MOVIE REVIEW : ‘Green Card’: At Long Last, a True Love Story : Film: Gerard Depardieu and Andie MacDowell have a special chemistry missing in the romance department of many recent features.
Where’s a romantic to go these days? To “Misery,” to check out a real prisoner of love? To the chemistry-less “Havana” or the romantically inert “Russia House,” a profligate waste of two of the screen’s most soulful sex symbols?
A moviegoer starved for tenderness might just consider “Green Card,” (selected theaters in San Diego County) an effortlessly engaging love story whose ace in the hole is the almost indecent magnetism of Gerard Depardieu.
Peter Weir, the film’s writer-director-producer, wrote “Green Card” especially for Depardieu with what seems a seismographic understanding of the actor’s warring qualities: brutishness and delicacy; elegance and scruffiness; innocence and worldliness; masculinity and femininity.
Depardieu plays this hand-tailored character with presence enough to stop a tank, which may make “Green Card” his English-language breakthrough for Americans who have somehow missed his almost 70 foreign-language films.
His foil here is Andie MacDowell, whose projection of tremulous virtue verges on anachronism--she seems to belong to the era of the blush and the fan. Weir may think so too--he’s named her Bronte, one of a big family whose members have all been given writer’s names. Bronte’s career is horticulture and therein lies the crime that cheerfully opens the movie.
She’s fallen in love with an Upper East Side apartment whose secret is its roof greenhouse, magnificent but tragically neglected. The fussy, elderly apartment-board members, however, want only a married couple. On this side, there is Depardieu’s George Faure, a sometimes composer who needs a green card to remain and work in the States. With a nod from the agreeable screenwriter, it’s done.
Naturally, Bronte brings the neglected apartment to life, transforming the solarium, planting her roof garden, bustling around root-bound tree ferns. Naturally, Immigration rings Bronte’s doorbell within weeks of her moving in--and after her explanation to her nosy neighbors (Jessie Keosian, in particular) about her husband’s trips to Africa. And naturally, her lawyer’s advice is that she must find George and the two of them must appear to be man and wife, sharing the apartment for a spell of high-intensity cramming before an in-depth Immigration interview.
A soulful Frenchman, a skittish, beautiful American--together. Think you can predict what happens? Then you’ve underestimated Peter Weir.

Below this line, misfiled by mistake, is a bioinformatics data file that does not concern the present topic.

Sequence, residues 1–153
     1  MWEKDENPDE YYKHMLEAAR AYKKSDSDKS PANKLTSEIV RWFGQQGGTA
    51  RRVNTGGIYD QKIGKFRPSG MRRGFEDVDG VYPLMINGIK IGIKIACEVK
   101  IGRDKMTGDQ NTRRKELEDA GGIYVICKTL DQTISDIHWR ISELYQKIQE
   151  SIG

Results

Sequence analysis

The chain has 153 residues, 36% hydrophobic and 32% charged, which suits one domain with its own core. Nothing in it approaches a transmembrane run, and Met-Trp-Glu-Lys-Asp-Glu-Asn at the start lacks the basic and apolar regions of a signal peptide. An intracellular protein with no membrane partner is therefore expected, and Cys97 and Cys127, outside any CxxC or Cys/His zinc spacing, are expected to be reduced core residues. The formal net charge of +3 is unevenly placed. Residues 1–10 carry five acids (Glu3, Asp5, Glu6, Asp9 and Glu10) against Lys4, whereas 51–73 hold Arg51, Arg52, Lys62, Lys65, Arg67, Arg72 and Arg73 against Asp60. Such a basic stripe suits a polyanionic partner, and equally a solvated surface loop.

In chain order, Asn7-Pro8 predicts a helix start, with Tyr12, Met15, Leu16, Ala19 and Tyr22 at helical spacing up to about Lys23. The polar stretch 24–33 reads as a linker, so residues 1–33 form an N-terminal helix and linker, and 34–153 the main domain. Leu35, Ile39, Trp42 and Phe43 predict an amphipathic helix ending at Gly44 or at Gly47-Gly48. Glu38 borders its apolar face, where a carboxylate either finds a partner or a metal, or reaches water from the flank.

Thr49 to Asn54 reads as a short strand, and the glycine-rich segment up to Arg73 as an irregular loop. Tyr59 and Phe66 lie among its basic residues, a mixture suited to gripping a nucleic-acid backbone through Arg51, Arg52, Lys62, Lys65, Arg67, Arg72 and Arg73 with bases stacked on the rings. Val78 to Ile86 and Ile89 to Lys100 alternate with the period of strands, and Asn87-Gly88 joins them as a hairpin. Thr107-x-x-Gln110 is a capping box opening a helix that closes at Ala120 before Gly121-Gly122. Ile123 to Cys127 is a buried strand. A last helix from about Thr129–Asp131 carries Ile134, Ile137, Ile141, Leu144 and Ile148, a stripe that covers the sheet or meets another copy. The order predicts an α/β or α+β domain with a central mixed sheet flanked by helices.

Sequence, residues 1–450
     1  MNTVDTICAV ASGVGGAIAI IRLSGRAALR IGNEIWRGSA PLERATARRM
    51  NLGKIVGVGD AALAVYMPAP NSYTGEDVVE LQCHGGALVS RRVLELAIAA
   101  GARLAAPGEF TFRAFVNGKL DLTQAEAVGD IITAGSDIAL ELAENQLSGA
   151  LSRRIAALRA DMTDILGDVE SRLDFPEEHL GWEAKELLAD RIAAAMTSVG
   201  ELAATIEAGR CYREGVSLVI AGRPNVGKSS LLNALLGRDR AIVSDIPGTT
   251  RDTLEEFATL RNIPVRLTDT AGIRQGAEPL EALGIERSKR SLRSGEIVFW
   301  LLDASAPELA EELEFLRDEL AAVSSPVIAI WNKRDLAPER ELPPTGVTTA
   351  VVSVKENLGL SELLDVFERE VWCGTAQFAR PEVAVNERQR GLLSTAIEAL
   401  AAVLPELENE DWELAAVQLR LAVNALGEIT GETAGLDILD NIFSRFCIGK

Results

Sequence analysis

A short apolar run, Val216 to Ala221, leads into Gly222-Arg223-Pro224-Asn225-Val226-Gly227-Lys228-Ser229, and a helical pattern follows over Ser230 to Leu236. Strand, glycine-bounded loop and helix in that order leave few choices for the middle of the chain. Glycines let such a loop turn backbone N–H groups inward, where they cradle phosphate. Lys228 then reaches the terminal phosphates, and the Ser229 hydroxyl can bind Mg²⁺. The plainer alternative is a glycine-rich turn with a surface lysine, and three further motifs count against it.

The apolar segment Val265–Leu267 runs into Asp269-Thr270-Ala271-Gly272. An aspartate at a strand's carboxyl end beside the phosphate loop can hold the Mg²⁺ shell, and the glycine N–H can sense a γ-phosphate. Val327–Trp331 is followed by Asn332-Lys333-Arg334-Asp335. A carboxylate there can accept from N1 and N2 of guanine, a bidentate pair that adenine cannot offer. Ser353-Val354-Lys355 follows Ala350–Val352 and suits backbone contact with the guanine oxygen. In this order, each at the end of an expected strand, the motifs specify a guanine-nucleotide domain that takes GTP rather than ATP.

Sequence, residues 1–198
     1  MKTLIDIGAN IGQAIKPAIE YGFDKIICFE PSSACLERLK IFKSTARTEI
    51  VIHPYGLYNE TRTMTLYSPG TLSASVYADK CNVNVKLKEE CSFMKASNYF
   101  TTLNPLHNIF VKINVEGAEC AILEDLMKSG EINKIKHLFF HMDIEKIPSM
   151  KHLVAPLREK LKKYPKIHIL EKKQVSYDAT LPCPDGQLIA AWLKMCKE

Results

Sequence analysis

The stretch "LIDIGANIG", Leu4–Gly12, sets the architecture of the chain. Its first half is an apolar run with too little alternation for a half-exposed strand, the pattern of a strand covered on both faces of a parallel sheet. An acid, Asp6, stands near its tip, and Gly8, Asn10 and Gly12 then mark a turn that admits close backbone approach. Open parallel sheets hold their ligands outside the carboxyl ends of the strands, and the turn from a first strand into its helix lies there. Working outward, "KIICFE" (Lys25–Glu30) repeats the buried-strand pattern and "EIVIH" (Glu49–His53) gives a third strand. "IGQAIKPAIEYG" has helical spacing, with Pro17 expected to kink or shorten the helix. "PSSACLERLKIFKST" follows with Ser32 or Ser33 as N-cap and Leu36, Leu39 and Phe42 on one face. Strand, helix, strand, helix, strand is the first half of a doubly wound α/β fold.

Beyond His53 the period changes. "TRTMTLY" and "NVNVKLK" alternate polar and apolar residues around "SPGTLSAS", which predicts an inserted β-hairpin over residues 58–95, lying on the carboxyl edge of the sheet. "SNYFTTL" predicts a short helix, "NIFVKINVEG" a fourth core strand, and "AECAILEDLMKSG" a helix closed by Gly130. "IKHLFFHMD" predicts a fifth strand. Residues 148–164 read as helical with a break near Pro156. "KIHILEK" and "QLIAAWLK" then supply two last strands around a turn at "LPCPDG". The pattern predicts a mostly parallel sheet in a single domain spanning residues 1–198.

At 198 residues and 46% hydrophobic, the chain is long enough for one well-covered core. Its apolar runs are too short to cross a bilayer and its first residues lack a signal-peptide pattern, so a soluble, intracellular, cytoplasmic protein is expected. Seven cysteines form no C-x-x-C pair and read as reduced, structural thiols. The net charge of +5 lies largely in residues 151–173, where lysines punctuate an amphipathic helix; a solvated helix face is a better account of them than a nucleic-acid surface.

He seems to have written the role as much for MacDowell as Depardieu. As opposed to George’s upbringing in the Paris streets, Bronte is the quintessential New York romantic idealist. She dresses out of the Clifford and Wills catalogue: coarse straw hats, flowered flannel nightgowns, not a waistline in sight. Sports a boyfriend (Gregg Edelman) of impeccable dullness. The portrait of Bronte is given an extra dimension by “Green Card’s” impeccable production design (Wendy Stites), art direction (Christopher Nowak) and costumes (Marilyn Matthews) which illuminate every facet of her character. In a season of towering design achievements--”The Sheltering Sky,” “Bonfire of the Vanities,” “Godfather Part III”--this small-scale but no less perfect work seems worthy of special attention.
George is very nearly the bull in Bronte’s china shop--his cigarettes, industrial strength coffee and sheer bulky masculinity stir emotions in her that she thinks of as distaste. Yet on some level he’s broken through her implacable “niceness.”
He’s also French catnip to Bronte’s closest friend Lauren (Bebe Neuwirth), who impulsively drags him to a small dinner party her mother is giving--just a dozen of New York’s richest and most powerful movers and shakers. It sets the scene for Depardieu’s funniest moment and most inspired bit of improvisation.
Depardieu and MacDowell seem to share an uncommon honesty and generosity of spirit. So as the sexual tension between their characters grows, their scenes together are charmingly open and uncompetitive. The sense is that if these two ever become lovers, it will be because they have first become friends. On that startling note, in today’s climate of explicit, loveless love, the film floats to its heady conclusion.
Gerard Depardieu: George
Andie MacDowell: Bronte
Bebe Neuwirth: Lauren
Gregg Edelman: Phil
Distributed by Buena Vista Pictures. Executive producer Edward S. Feldman. Co-producer Jean Gontier, Duncan Henderson. Screenplay-producer, director Peter Weir. Camera Geoffrey Simpson. Production design Wendy Stites. Editor William Anderson. Music Hans Zimmer. Art director Christopher Nowak. Set decorator John Anderson, Ted Glass. Sound Pierre Gamet. Running time: 1 hour 48 minutes.
MPAA-rated: PG-13 (profanity).
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